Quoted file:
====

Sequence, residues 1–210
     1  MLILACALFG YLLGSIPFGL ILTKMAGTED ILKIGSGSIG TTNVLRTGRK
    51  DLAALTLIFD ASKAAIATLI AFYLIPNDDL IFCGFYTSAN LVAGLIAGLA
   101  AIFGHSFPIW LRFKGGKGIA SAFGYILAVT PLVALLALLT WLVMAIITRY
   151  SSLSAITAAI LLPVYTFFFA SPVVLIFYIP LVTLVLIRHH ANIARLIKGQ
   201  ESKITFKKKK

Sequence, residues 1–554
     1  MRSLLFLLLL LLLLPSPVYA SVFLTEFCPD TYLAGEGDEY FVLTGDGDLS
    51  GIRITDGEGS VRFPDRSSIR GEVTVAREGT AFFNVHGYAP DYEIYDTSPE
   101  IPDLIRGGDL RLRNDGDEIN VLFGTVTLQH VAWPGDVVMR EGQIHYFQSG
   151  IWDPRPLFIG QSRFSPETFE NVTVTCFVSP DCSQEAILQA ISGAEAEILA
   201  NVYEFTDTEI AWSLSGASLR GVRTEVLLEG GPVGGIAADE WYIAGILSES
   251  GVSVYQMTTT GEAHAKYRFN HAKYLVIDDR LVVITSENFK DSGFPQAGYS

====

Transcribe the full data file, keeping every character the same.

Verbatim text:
Sequence, residues 1–210
     1  MLILACALFG YLLGSIPFGL ILTKMAGTED ILKIGSGSIG TTNVLRTGRK
    51  DLAALTLIFD ASKAAIATLI AFYLIPNDDL IFCGFYTSAN LVAGLIAGLA
   101  AIFGHSFPIW LRFKGGKGIA SAFGYILAVT PLVALLALLT WLVMAIITRY
   151  SSLSAITAAI LLPVYTFFFA SPVVLIFYIP LVTLVLIRHH ANIARLIKGQ
   201  ESKITFKKKK

Sequence, residues 1–554
     1  MRSLLFLLLL LLLLPSPVYA SVFLTEFCPD TYLAGEGDEY FVLTGDGDLS
    51  GIRITDGEGS VRFPDRSSIR GEVTVAREGT AFFNVHGYAP DYEIYDTSPE
   101  IPDLIRGGDL RLRNDGDEIN VLFGTVTLQH VAWPGDVVMR EGQIHYFQSG
   151  IWDPRPLFIG QSRFSPETFE NVTVTCFVSP DCSQEAILQA ISGAEAEILA
   201  NVYEFTDTEI AWSLSGASLR GVRTEVLLEG GPVGGIAADE WYIAGILSES
   251  GVSVYQMTTT GEAHAKYRFN HAKYLVIDDR LVVITSENFK DSGFPQAGYS